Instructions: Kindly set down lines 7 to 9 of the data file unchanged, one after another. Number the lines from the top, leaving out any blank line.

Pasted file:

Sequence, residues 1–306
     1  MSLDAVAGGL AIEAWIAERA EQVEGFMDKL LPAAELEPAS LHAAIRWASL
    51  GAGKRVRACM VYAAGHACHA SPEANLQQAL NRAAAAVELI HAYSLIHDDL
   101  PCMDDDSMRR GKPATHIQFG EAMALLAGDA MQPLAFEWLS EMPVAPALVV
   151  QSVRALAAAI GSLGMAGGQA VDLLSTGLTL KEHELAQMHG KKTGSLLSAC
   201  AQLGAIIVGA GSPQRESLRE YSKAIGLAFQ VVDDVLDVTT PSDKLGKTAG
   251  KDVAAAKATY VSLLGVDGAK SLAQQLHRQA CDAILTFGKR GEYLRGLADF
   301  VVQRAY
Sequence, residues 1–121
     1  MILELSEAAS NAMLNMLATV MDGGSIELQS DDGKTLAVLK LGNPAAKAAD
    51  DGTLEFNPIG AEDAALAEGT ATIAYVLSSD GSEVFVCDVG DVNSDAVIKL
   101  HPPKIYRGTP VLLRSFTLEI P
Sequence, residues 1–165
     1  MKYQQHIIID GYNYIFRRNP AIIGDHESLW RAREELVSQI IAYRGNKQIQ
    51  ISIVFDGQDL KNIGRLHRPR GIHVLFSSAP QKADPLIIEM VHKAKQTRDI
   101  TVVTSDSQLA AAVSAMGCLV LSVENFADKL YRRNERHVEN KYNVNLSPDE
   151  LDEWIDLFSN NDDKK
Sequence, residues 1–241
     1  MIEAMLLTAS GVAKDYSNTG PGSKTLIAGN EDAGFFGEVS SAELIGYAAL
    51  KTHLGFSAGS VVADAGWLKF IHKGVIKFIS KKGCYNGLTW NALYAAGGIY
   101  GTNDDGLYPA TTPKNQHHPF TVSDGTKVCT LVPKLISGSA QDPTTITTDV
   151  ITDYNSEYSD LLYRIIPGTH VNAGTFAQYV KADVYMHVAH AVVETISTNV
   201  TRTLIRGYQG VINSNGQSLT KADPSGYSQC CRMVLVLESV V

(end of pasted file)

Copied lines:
   251  KDVAAAKATY VSLLGVDGAK SLAQQLHRQA CDAILTFGKR GEYLRGLADF
   301  VVQRAY
Sequence, residues 1–121